Don’t get me wrong, I loved my Dad. It’s just that both of us are introverts – and completely unskilled in the art of small-talk. The point is, I had conversations with my dad, about nothing and everything, that I hold dear in my heart, and I wouldn’t have had them if she hadn’t made us talk.
She is the glue that holds our family together, and through the most difficult time of her life, she found ways to meet each of our needs.
In the six months since my father’s death, Mom packed up and moved to Seattle. Sure part of it was to be near me. But really she’s here because she’s taken over as the primary caretaker for my 97 year old grandmother. And she’s loving every minute of it, because helping people feel better is what she does, it’s her gift.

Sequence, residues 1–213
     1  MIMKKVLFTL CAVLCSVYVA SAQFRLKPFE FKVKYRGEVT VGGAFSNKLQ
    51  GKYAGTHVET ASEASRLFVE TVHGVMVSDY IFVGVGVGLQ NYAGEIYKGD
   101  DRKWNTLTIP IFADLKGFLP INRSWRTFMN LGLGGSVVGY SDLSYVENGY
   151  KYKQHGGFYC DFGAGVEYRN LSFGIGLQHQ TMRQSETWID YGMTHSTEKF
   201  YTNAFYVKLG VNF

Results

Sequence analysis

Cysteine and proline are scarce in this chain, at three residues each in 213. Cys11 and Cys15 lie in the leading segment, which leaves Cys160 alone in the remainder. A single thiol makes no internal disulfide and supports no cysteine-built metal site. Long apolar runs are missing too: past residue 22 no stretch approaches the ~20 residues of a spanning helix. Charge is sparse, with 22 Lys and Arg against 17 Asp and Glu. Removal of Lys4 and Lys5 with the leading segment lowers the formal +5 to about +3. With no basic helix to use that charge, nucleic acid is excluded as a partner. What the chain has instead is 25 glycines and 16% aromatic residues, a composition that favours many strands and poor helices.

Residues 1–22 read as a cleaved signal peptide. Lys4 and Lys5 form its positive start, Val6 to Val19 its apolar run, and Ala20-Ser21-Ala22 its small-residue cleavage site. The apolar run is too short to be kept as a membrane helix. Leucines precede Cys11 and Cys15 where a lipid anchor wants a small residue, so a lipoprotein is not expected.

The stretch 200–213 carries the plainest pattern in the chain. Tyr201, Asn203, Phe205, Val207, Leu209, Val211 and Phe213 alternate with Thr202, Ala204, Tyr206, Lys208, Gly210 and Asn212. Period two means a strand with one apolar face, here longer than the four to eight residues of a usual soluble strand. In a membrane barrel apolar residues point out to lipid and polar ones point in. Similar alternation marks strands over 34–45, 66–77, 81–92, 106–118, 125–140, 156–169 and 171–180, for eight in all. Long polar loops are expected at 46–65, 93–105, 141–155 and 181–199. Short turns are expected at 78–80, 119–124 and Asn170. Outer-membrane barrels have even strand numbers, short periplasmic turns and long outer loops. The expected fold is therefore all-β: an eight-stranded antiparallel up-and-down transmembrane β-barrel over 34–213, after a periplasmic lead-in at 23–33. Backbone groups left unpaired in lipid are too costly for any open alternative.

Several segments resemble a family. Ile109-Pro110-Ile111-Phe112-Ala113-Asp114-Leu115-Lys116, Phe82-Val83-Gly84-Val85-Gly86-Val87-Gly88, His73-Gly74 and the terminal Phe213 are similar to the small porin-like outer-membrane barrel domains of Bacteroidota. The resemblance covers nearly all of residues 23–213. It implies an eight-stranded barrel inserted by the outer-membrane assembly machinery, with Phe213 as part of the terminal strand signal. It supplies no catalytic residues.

Happy Mothers Day, Mom. Thank you, and I love you.
Happy Mothers Day to the rest of you moms out there too.
We had a great visit this weekend with Mom and Grandma. It’s so good to see the two of them doing so well. On Saturday night we went to dinner at the Caspian Grill for Persian food. Bill’s Judy joined us there as well so we had quite the little party. We had hummus, smoked eggplant and a yogurt dip to start and followed it with koobedeh, lamb kabob, tadeeq, gormeh sabzi, and fesenjoon (my favorite). Mom and Judy really loved all the food. I don’t think Grandma liked the stews as much, but she really enjoyed the koobedeh.